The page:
[Numpy-discussion] In-place operations

A. M. Archibald peridot.faceted at gmail.com
Tue Sep 12 12:19:05 CDT 2006

On 12/09/06, Pierre Thibault <thibault at physics.cornell.edu> wrote:

> I would like to have information on the best techniques to do in-place
> calculations and to minimize temporary array creations. To me this
> seems to be very important whenever the arrays become very large.

The first rule of optimization: don't do it yet.

You can usually go through and banish temporary arrays (using ufuncs
and so on) at the cost of readability, code encapsulation, and
thread-safe-ness. But it may not do what you want. I had an
image-processing code that was taking longer than I thought it should
and using two hundred megabytes or so of RAM. So I rewrote it, with a
certain amount of pain, in a way that it used the fewest possible
temporary arrays. It didn't run any faster, and it then took five
hundred megabytes. Because all the arrays ended up being in memory at
once, the memory footprint increased drastically.

malloc() is fast, typically just a handful of instructions; if you're
allocating a giant array, it's almost certainly being allocated using
mmap(), and it can be released back to the OS on deallocation.

But you probably still want to avoid temporary arrays. So:

> More specifically, here are examples that occured in my code
> 1) FFTs:  Let A and B be two large arrays, already allocated. I want
> the fft of A to be stored in B. If I just type B = fft(A), there is a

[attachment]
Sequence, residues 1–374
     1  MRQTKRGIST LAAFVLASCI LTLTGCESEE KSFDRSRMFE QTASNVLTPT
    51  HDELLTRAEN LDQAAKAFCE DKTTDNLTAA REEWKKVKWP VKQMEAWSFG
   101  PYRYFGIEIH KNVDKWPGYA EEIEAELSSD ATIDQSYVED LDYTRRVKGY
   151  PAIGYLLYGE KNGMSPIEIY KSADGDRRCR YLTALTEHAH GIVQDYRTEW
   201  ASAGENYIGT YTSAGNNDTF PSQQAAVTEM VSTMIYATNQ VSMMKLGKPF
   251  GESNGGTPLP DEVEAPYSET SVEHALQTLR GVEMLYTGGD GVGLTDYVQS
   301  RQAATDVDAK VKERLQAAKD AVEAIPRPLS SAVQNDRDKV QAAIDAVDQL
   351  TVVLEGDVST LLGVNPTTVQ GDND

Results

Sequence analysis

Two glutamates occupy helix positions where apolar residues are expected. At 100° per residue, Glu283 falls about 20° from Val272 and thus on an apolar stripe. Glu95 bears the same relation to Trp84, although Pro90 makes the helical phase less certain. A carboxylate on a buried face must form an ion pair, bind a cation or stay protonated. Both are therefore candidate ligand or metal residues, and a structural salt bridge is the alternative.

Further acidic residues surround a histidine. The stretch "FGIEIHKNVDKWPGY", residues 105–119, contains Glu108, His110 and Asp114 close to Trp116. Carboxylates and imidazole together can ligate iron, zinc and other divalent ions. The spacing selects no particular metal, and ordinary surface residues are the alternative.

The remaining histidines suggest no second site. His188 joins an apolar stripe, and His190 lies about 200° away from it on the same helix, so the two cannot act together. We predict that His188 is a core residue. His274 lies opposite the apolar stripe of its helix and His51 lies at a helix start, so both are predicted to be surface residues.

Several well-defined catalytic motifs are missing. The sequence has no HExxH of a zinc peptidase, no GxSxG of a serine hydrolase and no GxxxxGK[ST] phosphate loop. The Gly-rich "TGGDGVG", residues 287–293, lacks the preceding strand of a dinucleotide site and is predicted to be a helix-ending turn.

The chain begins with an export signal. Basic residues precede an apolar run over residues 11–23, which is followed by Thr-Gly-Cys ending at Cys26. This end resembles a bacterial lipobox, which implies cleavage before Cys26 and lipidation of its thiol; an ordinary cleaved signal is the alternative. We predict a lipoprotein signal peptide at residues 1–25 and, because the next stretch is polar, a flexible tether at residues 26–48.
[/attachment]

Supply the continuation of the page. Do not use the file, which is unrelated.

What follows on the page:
> temprary array creation, right? Is it possible to avoid that?

Doing an FFT in-place is a major challenge, and involves its own
slowdowns, so generally high-level toolkits don't bother. But fft
seems to be like many functions (those generated by interp1d, for
example) that insist on malloc()ing their own arrays to return. Short
of rooting around in the numpy/scipy code, there's no real way around
this for such functions. The best you can do is make actual use of the
allocated array (rather than copy its contents to *another* array and
discard it).

> 2) Function output: In general, I think the same thing happens with
> functions like
> def f1(array_in):
>    array_out = # something using array_in
>    return array_out
> Then, if B is already allocated, writing B = f1(A) involves again a
> temporary array creation

Uh, no, not really. The way you have written f1, it probably malloc()s
space for array_out. the address of that space (roughly) is saved in
the array_out variable. If you write B=f1(A), you are just storing the
address in B. The memory is not copied. Even if you do B=f1(A)[::10]
you don't copy the memory.

> I thought instead of doing something like
> def f2(array_in, array_out):
>   array_out[:] = # something
>   # Is this good practice?
> and call f2(A,B).

This is a ufunc-like solution; you could even make array_out an
optional argument, and return it.

> If I understand well, this still requires a temporary array creation.
> Is there another way of doing that (appart from actually looping
> through the indices of A and B)?

It depends what #something is. If, say, it is 2*array_in, you can
simply do multiply(array_in,2,array_out) to avoid any dynamic

> I guess these considerations are not standard python problems because
> you expect python to take care of memory issues. With big arrays in
> scientific computations, I feel the question is more relevant. I might
> be wrong...

Some of these issues come up when dealing with mutable objects (lists,
dictionaries, and so on). Some of them (the fact that python variables
contain simply references) are discussed in various python FAQs.

A. M. Archibald

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